It seems that behind every nickname there is a reason.
I was six years old when my parents dropped me of in front of Red Cloud Hall. The building was on the campus of the Holy Rosary Indian Mission Boarding School, four miles north of Pine Ridge Village.
Frightened and alone I sat down on the concrete steps of the stairway and began to cry. A boy came up and sat next to me. He was eating from a honeycomb. He broke it in half and offered it to me. This cheered me up a little. He said his name was Gutierrez and I would find out later that the boys called him “Good Arrows.”
He asked his friend to join us and said, “This is Tiny Tim.” Since my name was also Tim I wondered why this boy was called “Tiny Tim.” Later I discovered that his name was actually Leo Wounded Foot. As history would have it a movie came to the mission school called “A Christmas Carol.” In the movie Bob Cratchit had a son who was lame. He walked with a small cane. His family called him “Tiny Tim.” The mission boys immediately seized upon the name “Tiny Tim” and gave it to Leo Wounded Foot because his name was Wounded Foot. Make sense?
It was a longstanding custom of the boys to stand in front of Red Cloud Hall at the start of the school year and watch the arrivals. Some of the new arrivals got their nicknames the day they arrived at the boarding school. For instance, a boy was delivered at the school by his aunt Eunice. He was about 6 and when his aunt drove away he ran after the car shouting, “Hoonis, Hoonis” his way of saying Eunice. Leroy Clifford went on to earn a doctorate in education and was the power behind the Indian Higher Education Consortium for many years, but he was always known as “Hoonis” by all of the guys and girls he grew up with.
The Marvel Comic Books were a good source of nicknames. My brother Tony was nicknamed “Batman.” There was a character in the Dick Tracy comics with a character they called B.O. Plenty. It so happened one of the mission boys was Paul Plenty Holes. As we knew would happen, he soon was renamed B.O.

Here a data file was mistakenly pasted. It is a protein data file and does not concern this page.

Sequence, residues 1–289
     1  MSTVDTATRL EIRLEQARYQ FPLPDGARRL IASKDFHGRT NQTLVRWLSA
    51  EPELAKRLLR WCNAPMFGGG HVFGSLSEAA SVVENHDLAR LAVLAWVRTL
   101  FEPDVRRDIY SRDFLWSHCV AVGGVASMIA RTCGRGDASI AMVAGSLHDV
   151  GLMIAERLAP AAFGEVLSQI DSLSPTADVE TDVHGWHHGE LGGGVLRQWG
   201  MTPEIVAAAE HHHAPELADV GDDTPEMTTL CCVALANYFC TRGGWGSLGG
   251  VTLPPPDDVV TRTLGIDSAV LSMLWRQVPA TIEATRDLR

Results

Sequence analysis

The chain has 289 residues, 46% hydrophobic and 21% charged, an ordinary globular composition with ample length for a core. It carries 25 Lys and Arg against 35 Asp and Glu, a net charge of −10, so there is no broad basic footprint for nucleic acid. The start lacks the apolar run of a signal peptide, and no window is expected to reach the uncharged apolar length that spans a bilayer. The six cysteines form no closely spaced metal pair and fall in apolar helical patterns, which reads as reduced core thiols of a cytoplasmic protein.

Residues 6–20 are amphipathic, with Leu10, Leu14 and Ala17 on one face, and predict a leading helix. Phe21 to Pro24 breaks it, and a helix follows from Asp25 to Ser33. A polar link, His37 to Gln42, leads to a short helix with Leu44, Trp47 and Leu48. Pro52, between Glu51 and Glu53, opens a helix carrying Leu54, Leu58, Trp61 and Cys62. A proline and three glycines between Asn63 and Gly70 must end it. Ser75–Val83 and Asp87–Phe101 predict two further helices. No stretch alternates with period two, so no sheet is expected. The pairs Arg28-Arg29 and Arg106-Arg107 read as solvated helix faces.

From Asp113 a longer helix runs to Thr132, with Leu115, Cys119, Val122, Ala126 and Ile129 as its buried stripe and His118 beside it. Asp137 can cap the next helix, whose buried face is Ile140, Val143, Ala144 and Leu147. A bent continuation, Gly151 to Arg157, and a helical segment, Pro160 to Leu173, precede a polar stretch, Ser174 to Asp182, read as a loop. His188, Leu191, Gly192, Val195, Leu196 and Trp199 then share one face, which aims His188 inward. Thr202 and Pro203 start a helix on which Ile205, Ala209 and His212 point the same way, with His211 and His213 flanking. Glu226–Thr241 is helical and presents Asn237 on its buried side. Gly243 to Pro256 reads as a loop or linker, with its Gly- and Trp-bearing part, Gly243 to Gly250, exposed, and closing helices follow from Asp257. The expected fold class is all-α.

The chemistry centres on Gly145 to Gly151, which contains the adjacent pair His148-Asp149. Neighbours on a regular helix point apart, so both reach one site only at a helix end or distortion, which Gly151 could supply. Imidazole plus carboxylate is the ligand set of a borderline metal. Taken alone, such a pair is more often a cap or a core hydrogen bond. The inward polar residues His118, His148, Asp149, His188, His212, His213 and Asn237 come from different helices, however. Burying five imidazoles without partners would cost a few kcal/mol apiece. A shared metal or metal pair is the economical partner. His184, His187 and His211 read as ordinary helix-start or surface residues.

My cousin Robert Duane Garnette had a couple of protruding front teeth so he was named Peter Rabbit by another cousin, “Red” Tapio. Soon he was just called “Pete” and then “Snowshoe” and finally “Frosty.” His younger brother was called “Heavy” although he was not heavy at all.
My friend “Tiny Tim” was given a new nickname a few months after I arrived at the school. It seems that he had an accident in his dormitory bed one dark night. From then on “Tiny Tim” became the “Brown Bomber.”
One school day a new arrival who was just learning to speak English raised his hand in class to ask permission to use the bathroom. The nun-teacher asked him what he wanted and he said, “Pee too.” Guess what? From that day on Aloysius Black Tail Deer was known as “P-2.”
One fair-haired boy, a great basketball player, was simply called “Whiteman Cuny.” From the movies we drew names like Capone, Dillinger, Buck Jones and Dopey. I guess I was lucky that there was already a “Tiny Tim” when I arrived at the boarding school because I was lucky enough to never draw a nickname. At least as far as I know. But who knows?